New Pedestrian Crosswalks: Signs Point to No

A sign cautioning drivers on Sixth Street to slow for pedestrians has been plowed down multiple times by reckless drivers, according to courthouse and county administration sources.
Prior to the installation of a cross walk this summer, county employees and the public crossed from the Tulsa County Administration Building to paid and employee parking on the south side of Sixth Street. County sources say traffic is most heavy between 7:30 and 8 a.m. and again between 4 and 5 p.m., and that neither the public nor employees makes use of the crosswalk at the intersection of Denver Avenue and Sixth Street.
“Cars come through here so fast,” said a county employee. “It’s like when they see us crossing the street, they don’t even slow down.”
“I wonder sometimes if drivers around here don’t understand crosswalks, and that in a city, people are going to be walking across the street, and you have to stop for them,” the source said.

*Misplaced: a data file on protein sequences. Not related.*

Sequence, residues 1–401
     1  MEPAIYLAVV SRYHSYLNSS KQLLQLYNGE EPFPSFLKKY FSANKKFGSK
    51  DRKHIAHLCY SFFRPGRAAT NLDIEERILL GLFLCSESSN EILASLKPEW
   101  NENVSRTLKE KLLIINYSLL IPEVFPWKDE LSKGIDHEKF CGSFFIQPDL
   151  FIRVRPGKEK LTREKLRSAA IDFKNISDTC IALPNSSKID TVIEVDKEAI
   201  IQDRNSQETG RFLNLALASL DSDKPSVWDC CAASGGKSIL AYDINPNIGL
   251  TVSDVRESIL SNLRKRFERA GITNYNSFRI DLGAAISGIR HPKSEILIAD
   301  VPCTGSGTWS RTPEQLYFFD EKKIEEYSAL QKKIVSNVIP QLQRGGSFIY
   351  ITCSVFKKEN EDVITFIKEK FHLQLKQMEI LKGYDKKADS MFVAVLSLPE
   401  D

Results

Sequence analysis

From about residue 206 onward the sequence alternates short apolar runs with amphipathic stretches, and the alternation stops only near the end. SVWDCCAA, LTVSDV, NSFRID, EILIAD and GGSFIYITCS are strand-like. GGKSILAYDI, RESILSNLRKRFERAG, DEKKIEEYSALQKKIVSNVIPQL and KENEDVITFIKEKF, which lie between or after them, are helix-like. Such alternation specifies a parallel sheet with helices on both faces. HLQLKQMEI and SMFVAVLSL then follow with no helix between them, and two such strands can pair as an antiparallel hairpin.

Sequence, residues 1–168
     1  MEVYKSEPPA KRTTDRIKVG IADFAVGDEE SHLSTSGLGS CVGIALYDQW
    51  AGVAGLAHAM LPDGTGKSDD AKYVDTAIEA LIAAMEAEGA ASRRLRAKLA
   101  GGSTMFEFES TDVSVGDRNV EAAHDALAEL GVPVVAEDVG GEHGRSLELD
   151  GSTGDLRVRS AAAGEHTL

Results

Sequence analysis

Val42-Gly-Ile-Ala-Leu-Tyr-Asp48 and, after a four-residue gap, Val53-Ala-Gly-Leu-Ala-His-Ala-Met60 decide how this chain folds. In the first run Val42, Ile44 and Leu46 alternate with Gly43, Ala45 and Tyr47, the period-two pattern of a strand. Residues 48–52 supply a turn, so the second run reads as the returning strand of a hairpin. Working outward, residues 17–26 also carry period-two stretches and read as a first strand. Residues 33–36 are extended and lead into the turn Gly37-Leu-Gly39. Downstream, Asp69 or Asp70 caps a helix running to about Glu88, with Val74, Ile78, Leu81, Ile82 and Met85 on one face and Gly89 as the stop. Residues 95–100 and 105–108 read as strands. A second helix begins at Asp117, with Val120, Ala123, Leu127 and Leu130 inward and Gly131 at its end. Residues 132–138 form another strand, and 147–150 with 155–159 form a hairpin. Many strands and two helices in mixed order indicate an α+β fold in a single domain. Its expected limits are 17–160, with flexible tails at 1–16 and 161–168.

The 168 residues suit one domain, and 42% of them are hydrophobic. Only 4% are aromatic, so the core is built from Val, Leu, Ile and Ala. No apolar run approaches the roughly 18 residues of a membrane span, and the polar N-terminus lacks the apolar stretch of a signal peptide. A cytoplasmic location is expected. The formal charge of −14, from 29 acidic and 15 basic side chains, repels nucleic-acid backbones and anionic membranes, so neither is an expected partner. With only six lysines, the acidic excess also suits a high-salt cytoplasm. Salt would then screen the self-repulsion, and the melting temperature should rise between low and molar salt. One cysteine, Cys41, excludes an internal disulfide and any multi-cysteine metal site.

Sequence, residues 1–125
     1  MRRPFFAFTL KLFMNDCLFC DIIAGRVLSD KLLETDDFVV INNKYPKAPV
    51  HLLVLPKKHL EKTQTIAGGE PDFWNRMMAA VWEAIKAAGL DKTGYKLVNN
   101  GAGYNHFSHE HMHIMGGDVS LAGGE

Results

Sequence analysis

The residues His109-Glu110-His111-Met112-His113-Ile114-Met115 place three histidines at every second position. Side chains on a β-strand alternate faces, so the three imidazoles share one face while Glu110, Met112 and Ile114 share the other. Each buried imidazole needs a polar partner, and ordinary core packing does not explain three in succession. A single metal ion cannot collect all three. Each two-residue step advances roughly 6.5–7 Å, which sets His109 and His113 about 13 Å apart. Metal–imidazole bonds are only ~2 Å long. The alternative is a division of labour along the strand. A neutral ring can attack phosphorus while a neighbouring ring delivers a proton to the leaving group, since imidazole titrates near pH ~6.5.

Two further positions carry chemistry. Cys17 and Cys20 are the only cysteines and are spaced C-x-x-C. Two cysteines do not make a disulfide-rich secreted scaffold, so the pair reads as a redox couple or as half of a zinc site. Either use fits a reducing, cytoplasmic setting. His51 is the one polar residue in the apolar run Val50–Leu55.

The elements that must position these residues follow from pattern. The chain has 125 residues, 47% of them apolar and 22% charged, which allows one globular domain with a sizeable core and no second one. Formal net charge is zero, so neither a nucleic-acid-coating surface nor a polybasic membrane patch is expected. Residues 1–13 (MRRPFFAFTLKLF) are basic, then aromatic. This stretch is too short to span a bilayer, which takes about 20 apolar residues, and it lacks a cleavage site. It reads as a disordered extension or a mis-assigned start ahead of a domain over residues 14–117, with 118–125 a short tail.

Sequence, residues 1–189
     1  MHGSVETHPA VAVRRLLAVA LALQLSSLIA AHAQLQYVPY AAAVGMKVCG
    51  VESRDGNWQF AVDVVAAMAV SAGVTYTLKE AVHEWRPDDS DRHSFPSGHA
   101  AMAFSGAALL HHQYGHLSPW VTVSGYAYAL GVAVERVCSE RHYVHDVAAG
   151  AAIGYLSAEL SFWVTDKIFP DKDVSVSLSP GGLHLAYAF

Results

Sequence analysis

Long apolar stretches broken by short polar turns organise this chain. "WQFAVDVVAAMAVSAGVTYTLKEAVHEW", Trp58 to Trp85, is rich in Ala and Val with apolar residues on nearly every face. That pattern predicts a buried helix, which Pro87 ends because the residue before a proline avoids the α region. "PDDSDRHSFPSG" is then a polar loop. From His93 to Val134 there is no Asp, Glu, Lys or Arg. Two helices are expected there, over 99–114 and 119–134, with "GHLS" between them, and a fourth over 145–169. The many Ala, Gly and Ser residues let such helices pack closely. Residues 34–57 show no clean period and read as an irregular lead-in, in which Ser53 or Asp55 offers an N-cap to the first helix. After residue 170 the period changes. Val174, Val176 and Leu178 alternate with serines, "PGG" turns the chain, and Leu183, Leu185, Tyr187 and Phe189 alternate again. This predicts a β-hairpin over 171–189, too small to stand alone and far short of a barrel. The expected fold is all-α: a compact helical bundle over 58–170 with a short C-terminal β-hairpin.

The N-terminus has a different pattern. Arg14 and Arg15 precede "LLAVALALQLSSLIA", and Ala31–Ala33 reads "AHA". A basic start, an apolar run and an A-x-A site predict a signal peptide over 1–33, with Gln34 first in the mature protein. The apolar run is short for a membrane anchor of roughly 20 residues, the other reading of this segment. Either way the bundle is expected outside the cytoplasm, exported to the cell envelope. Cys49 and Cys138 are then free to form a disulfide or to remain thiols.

Commissioner Wilbert Collins commissioned the crosswalk years ago, county building operations said, and other county sources said Paul Wilkening, deputy of the Board of County Commissioners, was in charge of coordinating the installation of the crosswalk and the road sign with the City of Tulsa.
Sources say Wilkening worked for two years with the city to install the crosswalk and road sign.
“We have signs in the middle of the roadway at various intersections throughout downtown,” said Mark Brown, City of Tulsa traffic operations manager. “We wanted to make the sign more obvious, and it’s all about safety.”

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